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December 14, 2012
fastcompany:

New York City just approved a pilot program that will allow riders to hail cabs on their smartphones, paving the way for app-building upstarts trying to make the journey as enjoyable as the destination.

This should be a boon to Uber — and stranded cab riders everywhere.

fastcompany:

New York City just approved a pilot program that will allow riders to hail cabs on their smartphones, paving the way for app-building upstarts trying to make the journey as enjoyable as the destination.

This should be a boon to Uber — and stranded cab riders everywhere.

8:13 // 1 year ago
July 10, 2012
There was no agreement. We have always been opposed to price fixing.
Uber CEO Travis Kalanick • Disputing the portrayal of his company by Washington DC city council member Mary Cheh, who claimed they agreed to an amendment we reported about last night, which would have set a minimum price for Uber’s cab-disrupting model. After much outcry by fans of Uber, the amendment got held back from a taxi modernization bill, and will likely remain shelved until later this year. Uber also has a mini-protest of their own going on — they cut their minimum fare in the city to $12, an apparent defiant act against the amendment, which would have enforced a minimum fare price of $15.
14:11 // 2 years ago
July 9, 2012
Uber-lame? DC City Council amendment could limit taxi-disrupting startup
For some people, cabs can simply suck. In big cities, trying to tag down a cab can be annoying or (if you live in a bad or far-away neighborhood) an exercise in futility. One startup, Uber (which, via an app, sends a private sedan right to wherever you’re standing), cuts through the annoyingness of cabs — you pay a little more, sure, but it’s much less frustrating. However, it’s also disruptive, which is why Washington DC’s City Council is considering a new taxi modernization bill that would effectively limit Uber’s future ability to expand — by preventing the company from offering a low-cost service. The company actually rolled out one recently, but because of the proposed new law (which also, to be fair, does such things as force DC cabs to have GPS devices and take credit cards), couldn’t launch it in the District. Understandably, the company is kind of upset about this. Though, on the other hand, DCist points out that the amendment effectively legalizes the more-expensive service in the District, too. source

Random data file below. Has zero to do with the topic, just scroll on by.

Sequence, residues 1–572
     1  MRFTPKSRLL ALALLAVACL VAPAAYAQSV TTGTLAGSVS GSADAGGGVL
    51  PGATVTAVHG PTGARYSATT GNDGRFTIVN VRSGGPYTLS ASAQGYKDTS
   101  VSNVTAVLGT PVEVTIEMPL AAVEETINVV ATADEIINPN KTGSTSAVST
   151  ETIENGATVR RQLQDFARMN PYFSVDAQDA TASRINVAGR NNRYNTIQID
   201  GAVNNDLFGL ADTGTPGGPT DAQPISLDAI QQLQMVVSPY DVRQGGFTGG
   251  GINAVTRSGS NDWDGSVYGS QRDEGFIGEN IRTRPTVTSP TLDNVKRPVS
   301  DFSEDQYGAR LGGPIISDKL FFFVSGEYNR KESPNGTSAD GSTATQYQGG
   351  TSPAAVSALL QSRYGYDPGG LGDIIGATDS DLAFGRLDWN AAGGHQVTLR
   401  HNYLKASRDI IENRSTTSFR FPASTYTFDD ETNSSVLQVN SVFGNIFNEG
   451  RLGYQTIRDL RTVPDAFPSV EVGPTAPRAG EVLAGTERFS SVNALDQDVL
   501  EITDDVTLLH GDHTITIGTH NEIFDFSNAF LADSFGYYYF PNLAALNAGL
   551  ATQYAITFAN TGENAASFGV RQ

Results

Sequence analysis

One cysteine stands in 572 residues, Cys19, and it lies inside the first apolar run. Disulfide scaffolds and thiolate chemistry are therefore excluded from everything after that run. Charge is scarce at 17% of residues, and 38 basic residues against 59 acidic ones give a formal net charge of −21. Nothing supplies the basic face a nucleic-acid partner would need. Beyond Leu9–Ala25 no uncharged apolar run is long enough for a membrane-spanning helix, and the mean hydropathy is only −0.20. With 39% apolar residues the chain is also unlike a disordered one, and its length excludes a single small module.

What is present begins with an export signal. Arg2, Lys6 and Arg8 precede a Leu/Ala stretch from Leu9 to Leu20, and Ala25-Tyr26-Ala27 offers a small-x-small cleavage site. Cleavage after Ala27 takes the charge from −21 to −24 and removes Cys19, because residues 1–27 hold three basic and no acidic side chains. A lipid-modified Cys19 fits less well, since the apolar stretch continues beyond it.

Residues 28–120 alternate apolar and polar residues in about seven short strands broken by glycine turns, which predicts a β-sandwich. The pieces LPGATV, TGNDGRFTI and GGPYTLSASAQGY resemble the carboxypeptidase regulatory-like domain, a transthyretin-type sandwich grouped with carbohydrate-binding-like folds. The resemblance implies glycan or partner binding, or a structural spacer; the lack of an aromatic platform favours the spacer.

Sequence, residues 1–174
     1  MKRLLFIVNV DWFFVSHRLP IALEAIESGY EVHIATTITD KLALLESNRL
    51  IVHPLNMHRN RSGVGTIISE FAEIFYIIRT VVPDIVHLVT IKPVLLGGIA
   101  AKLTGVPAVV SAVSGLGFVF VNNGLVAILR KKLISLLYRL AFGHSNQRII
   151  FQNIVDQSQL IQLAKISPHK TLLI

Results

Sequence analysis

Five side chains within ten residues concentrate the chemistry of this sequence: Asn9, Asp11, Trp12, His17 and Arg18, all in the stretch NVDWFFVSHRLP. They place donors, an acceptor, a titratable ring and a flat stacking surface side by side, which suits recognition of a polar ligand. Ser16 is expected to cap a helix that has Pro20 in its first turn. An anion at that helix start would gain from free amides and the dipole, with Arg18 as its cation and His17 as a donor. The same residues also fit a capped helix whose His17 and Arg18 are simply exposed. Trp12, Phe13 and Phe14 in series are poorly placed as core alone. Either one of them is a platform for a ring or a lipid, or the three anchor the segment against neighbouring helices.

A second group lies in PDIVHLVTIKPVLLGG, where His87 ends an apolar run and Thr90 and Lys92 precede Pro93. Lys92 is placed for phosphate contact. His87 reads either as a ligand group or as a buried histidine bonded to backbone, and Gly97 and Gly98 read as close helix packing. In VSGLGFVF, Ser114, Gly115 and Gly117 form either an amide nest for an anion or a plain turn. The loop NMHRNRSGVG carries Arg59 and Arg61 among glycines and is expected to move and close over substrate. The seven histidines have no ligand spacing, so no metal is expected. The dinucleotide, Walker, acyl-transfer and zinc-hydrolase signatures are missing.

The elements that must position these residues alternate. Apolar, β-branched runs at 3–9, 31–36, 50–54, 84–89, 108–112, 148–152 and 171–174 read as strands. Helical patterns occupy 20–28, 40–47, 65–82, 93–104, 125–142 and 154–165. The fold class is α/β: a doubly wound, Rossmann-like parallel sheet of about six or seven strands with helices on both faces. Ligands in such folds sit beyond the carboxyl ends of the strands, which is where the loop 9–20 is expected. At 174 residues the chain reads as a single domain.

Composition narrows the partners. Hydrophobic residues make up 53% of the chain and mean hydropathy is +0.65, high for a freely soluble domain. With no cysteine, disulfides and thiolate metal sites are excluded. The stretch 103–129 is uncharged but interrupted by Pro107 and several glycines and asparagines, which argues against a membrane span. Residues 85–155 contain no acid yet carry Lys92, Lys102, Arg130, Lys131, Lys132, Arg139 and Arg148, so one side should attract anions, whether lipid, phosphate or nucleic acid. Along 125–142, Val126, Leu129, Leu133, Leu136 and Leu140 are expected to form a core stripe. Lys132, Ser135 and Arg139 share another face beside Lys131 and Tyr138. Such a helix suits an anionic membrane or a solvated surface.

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For some people, cabs can simply suck. In big cities, trying to tag down a cab can be annoying or (if you live in a bad or far-away neighborhood) an exercise in futility. One startup, Uber (which, via an app, sends a private sedan right to wherever you’re standing), cuts through the annoyingness of cabs — you pay a little more, sure, but it’s much less frustrating. However, it’s also disruptive, which is why Washington DC’s City Council is considering a new taxi modernization bill that would effectively limit Uber’s future ability to expand — by preventing the company from offering a low-cost service. The company actually rolled out one recently, but because of the proposed new law (which also, to be fair, does such things as force DC cabs to have GPS devices and take credit cards), couldn’t launch it in the District. Understandably, the company is kind of upset about this. Though, on the other hand, DCist points out that the amendment effectively legalizes the more-expensive service in the District, too. source

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19:04 // 2 years ago